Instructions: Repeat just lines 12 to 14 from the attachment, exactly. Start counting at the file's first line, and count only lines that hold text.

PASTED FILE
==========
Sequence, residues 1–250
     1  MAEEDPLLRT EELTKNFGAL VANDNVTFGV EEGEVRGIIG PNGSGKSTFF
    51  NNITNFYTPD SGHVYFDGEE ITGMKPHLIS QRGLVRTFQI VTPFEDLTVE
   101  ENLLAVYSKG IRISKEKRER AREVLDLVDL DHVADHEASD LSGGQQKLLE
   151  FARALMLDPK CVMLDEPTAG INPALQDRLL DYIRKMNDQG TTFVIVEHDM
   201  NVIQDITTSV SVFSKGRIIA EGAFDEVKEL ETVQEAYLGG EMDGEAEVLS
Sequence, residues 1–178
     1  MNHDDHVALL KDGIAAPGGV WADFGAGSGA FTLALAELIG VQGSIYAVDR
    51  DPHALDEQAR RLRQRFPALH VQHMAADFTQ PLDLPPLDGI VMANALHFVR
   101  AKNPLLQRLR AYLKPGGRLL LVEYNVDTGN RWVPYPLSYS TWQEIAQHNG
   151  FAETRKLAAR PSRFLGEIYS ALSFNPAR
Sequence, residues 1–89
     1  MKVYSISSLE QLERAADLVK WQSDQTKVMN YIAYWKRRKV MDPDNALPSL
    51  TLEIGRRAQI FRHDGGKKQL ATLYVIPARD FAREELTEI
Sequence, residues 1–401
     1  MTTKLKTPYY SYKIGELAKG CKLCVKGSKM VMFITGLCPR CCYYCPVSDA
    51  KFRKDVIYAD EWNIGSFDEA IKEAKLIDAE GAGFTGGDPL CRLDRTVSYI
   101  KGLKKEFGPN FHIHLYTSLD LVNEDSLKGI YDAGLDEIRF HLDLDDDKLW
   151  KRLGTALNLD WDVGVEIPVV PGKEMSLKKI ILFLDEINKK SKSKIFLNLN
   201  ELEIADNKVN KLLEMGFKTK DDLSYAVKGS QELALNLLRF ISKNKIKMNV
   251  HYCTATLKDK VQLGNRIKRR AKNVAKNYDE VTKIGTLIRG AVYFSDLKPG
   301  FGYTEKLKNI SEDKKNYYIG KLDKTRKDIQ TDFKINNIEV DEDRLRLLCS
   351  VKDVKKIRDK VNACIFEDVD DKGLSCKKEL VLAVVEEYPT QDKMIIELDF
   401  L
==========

Sequence, residues 1–89
     1  MKVYSISSLE QLERAADLVK WQSDQTKVMN YIAYWKRRKV MDPDNALPSL
    51  TLEIGRRAQI FRHDGGKKQL ATLYVIPARD FAREELTEI